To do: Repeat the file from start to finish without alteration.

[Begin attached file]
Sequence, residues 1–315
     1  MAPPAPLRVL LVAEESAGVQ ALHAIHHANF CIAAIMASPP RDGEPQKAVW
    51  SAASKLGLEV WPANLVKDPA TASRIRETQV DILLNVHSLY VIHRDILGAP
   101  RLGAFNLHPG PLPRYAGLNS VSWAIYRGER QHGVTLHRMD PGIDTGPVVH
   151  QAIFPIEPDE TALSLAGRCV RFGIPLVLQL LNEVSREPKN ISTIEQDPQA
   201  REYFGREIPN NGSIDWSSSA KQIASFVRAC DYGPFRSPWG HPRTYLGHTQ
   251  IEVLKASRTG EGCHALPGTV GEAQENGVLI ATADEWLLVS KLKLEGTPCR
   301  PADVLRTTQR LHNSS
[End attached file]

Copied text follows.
Sequence, residues 1–315
     1  MAPPAPLRVL LVAEESAGVQ ALHAIHHANF CIAAIMASPP RDGEPQKAVW
    51  SAASKLGLEV WPANLVKDPA TASRIRETQV DILLNVHSLY VIHRDILGAP
   101  RLGAFNLHPG PLPRYAGLNS VSWAIYRGER QHGVTLHRMD PGIDTGPVVH
   151  QAIFPIEPDE TALSLAGRCV RFGIPLVLQL LNEVSREPKN ISTIEQDPQA
   201  REYFGREIPN NGSIDWSSSA KQIASFVRAC DYGPFRSPWG HPRTYLGHTQ
   251  IEVLKASRTG EGCHALPGTV GEAQENGVLI ATADEWLLVS KLKLEGTPCR
   301  PADVLRTTQR LHNSS